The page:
# Chapter 3.2. Simple Conditions – Exam Problems

In the previous chapter, we looked at conditional constructions in the Java language, used to perform various actions depending on a condition. We also mentioned the scope of a variable, as well as how to follow line by line the execution of our program (the so-called **debugging**). In this chapter, we will practice working with conditional statements, and we'll be looking at some problems given in actual exams. Let's first retrieve some of the newly acquired knowledge on how the conditional statement is constructed:

```
if (boolean expression) {
// body of the conditional block;
} else {
// body of else-block;
}
```

** if statements** consist of:

`if`

clause- boolean expression - a variable of boolean type (
) or boolean logical expression (an expression that returns a result`boolean`

)`true / false`

- body - contains any block with source code
and its source code block (`else`

clause**optional**)

## Exam Problems

After recalling how to write conditional statements, let's solve a few problems to get practical experience with the ** if-else** statement.

### Problem: Transport Price

A student must travel **n kilometers**. He has a choice between **three modes of transport**:

**Taxi**. Starting fee:**0.70**BGN. Daily rate:**0.79**BGN/km. Nightly rate:**0.90**BGN/km.**Bus**. Daily/Nightly rate:**0.09**BGN/km. Can be used for distances minimum of**20**km.**Train**. Daily/Nightly rate:**0.06**BGN/km. Can be used for distances at least**100**km

Write a program that enters the number of **kilometers n** and the **period of the day** (day or night) and computes ** the price of the cheapest transport **.

### Input Data

**Two lines** are read from the console:

- The first line contains the number
**n**- number of kilometers - integer in the interval [**1… 5000**]. - The second line contains the word "
**day**" or "**night**" - if the trip is during the day or at night.

### Output Data

Print on the console **the lowest price** for the specified number of kilometers.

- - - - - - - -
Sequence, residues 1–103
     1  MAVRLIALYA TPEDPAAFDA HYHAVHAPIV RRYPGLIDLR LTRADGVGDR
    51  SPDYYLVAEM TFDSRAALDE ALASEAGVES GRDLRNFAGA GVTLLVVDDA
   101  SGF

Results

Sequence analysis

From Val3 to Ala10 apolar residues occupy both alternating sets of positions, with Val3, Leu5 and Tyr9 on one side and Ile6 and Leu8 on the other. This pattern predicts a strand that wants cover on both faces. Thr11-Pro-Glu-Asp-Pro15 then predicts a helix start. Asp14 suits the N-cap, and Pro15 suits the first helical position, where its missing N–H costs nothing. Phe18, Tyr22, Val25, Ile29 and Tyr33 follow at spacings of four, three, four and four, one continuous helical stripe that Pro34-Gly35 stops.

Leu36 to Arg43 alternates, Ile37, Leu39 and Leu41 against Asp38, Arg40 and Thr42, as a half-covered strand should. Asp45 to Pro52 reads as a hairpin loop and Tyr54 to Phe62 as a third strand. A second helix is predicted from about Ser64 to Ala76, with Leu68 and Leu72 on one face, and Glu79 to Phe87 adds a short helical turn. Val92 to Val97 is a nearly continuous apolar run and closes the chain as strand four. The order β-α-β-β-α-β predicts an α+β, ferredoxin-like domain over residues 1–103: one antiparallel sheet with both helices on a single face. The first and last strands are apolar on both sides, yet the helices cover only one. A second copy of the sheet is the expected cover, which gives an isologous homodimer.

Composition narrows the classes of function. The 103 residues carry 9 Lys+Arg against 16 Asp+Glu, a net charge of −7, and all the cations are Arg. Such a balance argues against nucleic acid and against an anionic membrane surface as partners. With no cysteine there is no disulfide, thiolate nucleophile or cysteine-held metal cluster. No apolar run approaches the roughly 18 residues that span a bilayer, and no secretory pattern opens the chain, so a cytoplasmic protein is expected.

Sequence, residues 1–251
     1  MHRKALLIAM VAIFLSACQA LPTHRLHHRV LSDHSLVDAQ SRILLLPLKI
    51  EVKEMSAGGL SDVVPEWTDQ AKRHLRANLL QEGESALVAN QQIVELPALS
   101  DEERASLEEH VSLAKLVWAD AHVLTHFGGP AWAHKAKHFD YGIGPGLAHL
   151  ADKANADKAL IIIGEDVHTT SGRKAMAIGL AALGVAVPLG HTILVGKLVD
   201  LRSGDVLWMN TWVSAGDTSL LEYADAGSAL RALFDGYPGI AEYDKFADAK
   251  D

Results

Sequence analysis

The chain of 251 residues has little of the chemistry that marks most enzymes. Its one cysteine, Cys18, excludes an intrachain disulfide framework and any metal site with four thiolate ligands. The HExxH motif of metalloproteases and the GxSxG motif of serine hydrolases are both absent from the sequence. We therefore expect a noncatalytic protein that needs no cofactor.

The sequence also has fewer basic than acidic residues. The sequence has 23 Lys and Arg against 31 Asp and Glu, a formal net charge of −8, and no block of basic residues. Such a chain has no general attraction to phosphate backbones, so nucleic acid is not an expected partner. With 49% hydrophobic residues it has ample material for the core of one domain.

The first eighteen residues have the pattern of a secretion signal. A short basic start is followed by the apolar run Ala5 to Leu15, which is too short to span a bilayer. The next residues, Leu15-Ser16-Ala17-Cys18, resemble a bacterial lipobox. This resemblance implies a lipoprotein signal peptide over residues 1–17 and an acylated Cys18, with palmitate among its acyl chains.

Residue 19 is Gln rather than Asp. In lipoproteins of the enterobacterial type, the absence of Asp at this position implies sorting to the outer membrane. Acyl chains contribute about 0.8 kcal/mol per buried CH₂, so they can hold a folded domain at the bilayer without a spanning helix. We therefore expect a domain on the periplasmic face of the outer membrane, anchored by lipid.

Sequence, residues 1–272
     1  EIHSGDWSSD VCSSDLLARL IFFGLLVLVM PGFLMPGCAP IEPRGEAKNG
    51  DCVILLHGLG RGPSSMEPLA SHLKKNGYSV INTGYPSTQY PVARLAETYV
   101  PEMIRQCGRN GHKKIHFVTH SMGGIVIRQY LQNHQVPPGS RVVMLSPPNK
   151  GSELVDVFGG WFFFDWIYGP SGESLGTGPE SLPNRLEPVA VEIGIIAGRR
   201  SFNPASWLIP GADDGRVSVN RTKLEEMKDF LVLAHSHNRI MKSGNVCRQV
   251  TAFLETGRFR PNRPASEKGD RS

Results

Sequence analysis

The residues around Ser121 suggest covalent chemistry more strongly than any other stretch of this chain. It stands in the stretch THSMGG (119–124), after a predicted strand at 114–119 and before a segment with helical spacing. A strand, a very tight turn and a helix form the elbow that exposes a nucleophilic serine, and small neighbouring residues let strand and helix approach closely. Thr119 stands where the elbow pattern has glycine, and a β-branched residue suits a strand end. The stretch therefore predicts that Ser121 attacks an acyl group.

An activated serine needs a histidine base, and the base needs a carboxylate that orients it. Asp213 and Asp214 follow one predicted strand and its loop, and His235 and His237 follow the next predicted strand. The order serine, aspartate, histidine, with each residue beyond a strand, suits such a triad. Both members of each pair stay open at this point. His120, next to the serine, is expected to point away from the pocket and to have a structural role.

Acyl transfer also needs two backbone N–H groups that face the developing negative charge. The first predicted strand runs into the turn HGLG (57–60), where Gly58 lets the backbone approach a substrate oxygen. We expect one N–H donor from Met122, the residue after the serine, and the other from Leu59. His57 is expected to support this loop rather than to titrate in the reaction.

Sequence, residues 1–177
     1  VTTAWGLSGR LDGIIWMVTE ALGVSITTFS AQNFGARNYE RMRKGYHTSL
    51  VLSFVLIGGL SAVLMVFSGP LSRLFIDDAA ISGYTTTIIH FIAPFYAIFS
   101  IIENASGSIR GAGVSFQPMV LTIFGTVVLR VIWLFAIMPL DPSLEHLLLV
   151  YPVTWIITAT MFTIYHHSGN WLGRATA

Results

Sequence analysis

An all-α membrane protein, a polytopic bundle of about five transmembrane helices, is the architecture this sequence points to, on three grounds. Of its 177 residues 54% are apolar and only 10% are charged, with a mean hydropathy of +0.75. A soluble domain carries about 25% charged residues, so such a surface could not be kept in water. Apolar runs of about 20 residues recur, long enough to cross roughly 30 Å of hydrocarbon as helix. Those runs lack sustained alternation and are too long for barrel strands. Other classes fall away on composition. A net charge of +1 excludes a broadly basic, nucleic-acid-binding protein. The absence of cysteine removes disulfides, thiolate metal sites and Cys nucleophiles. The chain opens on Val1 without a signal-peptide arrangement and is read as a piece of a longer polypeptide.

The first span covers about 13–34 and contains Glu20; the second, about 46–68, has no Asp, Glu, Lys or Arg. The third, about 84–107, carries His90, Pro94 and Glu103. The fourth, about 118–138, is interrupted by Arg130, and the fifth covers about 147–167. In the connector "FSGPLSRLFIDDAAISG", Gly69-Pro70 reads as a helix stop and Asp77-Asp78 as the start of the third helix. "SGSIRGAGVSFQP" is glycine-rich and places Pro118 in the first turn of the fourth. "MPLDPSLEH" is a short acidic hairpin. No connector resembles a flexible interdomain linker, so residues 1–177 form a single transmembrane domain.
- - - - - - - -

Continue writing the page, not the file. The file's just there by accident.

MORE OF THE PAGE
### Sample Input and Output

Input | Output | Input | Output |
---|---|---|---|

5 day |
4.65 | 7 night |
7 |

Input | Output | Input | Output |
---|---|---|---|

25 day |
2.25 | 180 night |
10.8 |

### Hints and Guidelines

We will read the input data and depending on the distance we will choose the cheapest transport. For this purpose, we will use several conditional statements.

#### Input Data

Our first step is to create an object of type ** java.util.Scanner**. We pass in its constructor the "input stream" (

**) that we are going to read from. In the definition of the problem, we have**

`System.in`

**information about the input and output**. The first

**two lines**of the solution will contain the declaration and initialization of the two

**variables**that will store

**the values of the input data**.

**The first line is mentioned** to contain **an integer**, so the variable that will be declared is of type ** int**. For the

**second line**, the instruction is that it contains a

**word**, respectively the variable is of type

**.**

`String`

Before we begin with the conditional statements it's necessary to **declare** one **variable** that will store the value of the **transport price**.

#### Expression Evaluation and Computing The Relevant Calculations

Once we have **declared and initialized** the input data and the variable that will store the value of the price, we should assess which **conditions** of the problem will be the first to **be checked**.

It is evident from the problem that the rates of two of the vehicles **do not depend** on whether it is **day** or **night**, but the rate of the third transport (taxi) does. This is a reason to pick our **first condition** to verify whether it's **day or night** and determine which taxi rate will be **in effect**. To achieve that **we declare another variable** that will store the value of the **taxi fare**.

Computing the **taxi rate** is performed with an ** if-else** statement. That's how we taxi price variable is assigned a

**value**.

Once that's done, we can now proceed to the computation of the **full transportation price**. Another condition for the price defined in the problem is the **traveling distance** with a chosen vehicle. Naturally to do that we pick an ** if-else** condition that we used to determine the

**price**for the transport depending on the entered kilometers.

First, we check if the kilometers are **below 20** since it's specified in the problem that the student could only use a **taxi** for destinations that are **below 20** kilometers away. If the expression in the first conditional statement is evaluated to be **true** then the variable that stores the transportation price (** price**) will be